The back of course has a little credit and signature engraved in it, with the grooves filled in with silver paint. You can see where I ground off the fill spout and air-release vents. Unfortunately my hand slipped when I was doing that and it did some minor damage, but I’m not terribly upset about that.

I made this ages ago but only recently made the mold. For some reason it was a bit of a pain to cast, but since the mold is “deep” in design, with the front face sitting in a fairly indented hole, in the end it was actually easier to just pour a bunch of plastic into the clear half and then as it started to harden pushing the back half (the yellow part) into it. I suppose that using that method I could have done without the spouts, so I’m going to keep that in mind for the future.

Well, I think I’m going to take a short break from making stuff and switch to programming. I’ve been avoiding it in part because the documentation for this watch is so non-existent (basically all you can do is read other people’s source code to figure it out) that I’m sure it’s going to be a little trial-and-error figuring out how to make it do neat stuff. But, it doesn’t look too hard, so I’m sure once I get over the initial learning curve that it’ll come fast. By the way, that mistake medication is finally out of my system and I’m feeling much better, so I’m hoping for a much nicer weekend than last. Fingers crossed.

DNA code and C code

I got something very fun in the mail today (more than one thing if you count my new clay and silicone) that I’ve been eagerly awaiting — an inPulse “smart” watch. Basically it’s an Arm7 microcontroller with a single button, a vibrate function, bluetooth connectivity, and a small (1.3″ 96×128 pixel) OLED screen. I haven’t had a chance to do much with it yet other than set up the development environment (so now my netbook is an Ubuntu box again), but it feels very raw and rather alpha test still, even though it is officially “on the market” and up for retail sale. You program it in C, and it has a rather limited low level API that I’m sure will be expanded with apps and libraries by what I hope will be a lively developer community, myself included — time to pin up some ANSI C cheat sheets. Like I said, I have not done anything with it yet other than confirm it works, but when I do, I’ll post my results (for example, here’s a video of a binary inPulse watch interface that someone wrote akin to a TokyoFlash watch).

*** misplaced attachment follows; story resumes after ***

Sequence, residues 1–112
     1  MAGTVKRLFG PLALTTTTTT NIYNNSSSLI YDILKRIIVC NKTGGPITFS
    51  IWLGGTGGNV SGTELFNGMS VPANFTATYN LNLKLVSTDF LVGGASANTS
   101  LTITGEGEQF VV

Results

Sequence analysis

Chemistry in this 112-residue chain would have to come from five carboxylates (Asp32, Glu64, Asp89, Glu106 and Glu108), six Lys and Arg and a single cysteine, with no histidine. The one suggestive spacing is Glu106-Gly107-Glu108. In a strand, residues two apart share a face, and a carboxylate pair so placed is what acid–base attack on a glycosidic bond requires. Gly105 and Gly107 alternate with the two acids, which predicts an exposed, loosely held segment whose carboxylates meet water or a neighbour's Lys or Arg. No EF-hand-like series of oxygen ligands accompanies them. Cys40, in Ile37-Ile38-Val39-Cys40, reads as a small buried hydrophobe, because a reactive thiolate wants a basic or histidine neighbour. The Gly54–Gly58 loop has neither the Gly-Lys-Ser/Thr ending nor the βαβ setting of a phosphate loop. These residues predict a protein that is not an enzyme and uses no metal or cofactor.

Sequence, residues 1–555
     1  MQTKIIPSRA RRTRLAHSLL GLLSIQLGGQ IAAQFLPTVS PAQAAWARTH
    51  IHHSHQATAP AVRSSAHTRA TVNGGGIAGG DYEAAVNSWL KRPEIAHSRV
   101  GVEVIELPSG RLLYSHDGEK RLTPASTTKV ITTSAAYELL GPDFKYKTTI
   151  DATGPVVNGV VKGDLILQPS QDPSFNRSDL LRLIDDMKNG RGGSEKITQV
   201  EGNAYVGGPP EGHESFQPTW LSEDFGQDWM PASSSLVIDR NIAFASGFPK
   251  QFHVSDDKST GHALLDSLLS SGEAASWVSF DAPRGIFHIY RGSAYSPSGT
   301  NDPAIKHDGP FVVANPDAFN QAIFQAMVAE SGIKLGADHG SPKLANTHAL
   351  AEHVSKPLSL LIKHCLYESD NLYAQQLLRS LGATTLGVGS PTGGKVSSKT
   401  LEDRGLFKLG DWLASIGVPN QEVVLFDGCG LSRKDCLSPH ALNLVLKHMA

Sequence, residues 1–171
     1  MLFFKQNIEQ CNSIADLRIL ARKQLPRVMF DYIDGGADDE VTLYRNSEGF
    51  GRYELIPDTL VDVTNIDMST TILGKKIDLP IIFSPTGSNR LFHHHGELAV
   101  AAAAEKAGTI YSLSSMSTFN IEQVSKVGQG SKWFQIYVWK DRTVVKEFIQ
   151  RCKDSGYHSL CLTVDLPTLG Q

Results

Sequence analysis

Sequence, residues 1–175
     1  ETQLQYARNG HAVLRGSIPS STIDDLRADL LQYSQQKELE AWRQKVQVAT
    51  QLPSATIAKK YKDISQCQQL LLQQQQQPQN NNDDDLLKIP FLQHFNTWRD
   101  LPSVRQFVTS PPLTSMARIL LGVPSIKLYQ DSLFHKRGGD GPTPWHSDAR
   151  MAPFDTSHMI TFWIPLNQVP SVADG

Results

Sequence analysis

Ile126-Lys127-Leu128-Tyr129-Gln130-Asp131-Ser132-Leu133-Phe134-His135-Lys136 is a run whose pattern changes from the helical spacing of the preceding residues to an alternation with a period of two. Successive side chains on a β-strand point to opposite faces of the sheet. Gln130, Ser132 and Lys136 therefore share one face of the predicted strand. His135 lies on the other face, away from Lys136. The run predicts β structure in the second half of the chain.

I’m sure I’ll be able to do something fun with it. I do worry though that they released the product a bit early in the development cycle. The tools require a fair amount of technical knowledge to use and there’s no way that a general consumer would be able to do anything useful with the watch, if they’d even be able to get it working at all. I also have to question why they went with such low-end components. It wouldn’t have increased the cost much to make it significantly more powerful (more memory would have been nice, as would a touch screen — I mean, one button is nuts). Also, it can only be updated by Bluetooth, since the cable is only for charging, which seems needlessly complex.

Other than that I have a few molds curing right now and tomorrow I’m getting tattooed which I’m both rather dreading because I’m still not up to full health and also looking forward to because I’m eager to get some more work on my leg done. We also wrapped up our bacteria growing experiment today, tossing a few groady petri dishes full of plaque and other yuckness… but not before we popped it under the microscope that Nefarious borrowed from her great grandmother (I think that’s who it’s from).

By the way, I’m going to repeat that the one really “nice” thing about being a cripple is getting handicapped parking. It’s really nice and makes such a difference both in convenience and function. That said, I’ve always gotten mad when I see people scam it — for example, being old doesn’t instantly give you the right to park there, even if some sign-anything family doctors let them get away with it — but now it bugs me even more when I see five or six spots all taken and then as I’m walking from the depths of the parking lot I see perfectly able-bodied people getting into their cars. By law you’re supposed to have serious mobility issues including requiring mobility aids… Very annoying.

Anyway, time to go read a bedtime story and watch Survivor.

And now, for something a little different…

Nefarious brought me this Barbie doll today so I could reattach the head but I decided to make a new one instead. I do not think she will be thrilled and I expect an exasperated “daaaaaaaaadee!” if I show her in the morning. But yeah, she made the dress, I made the noggin.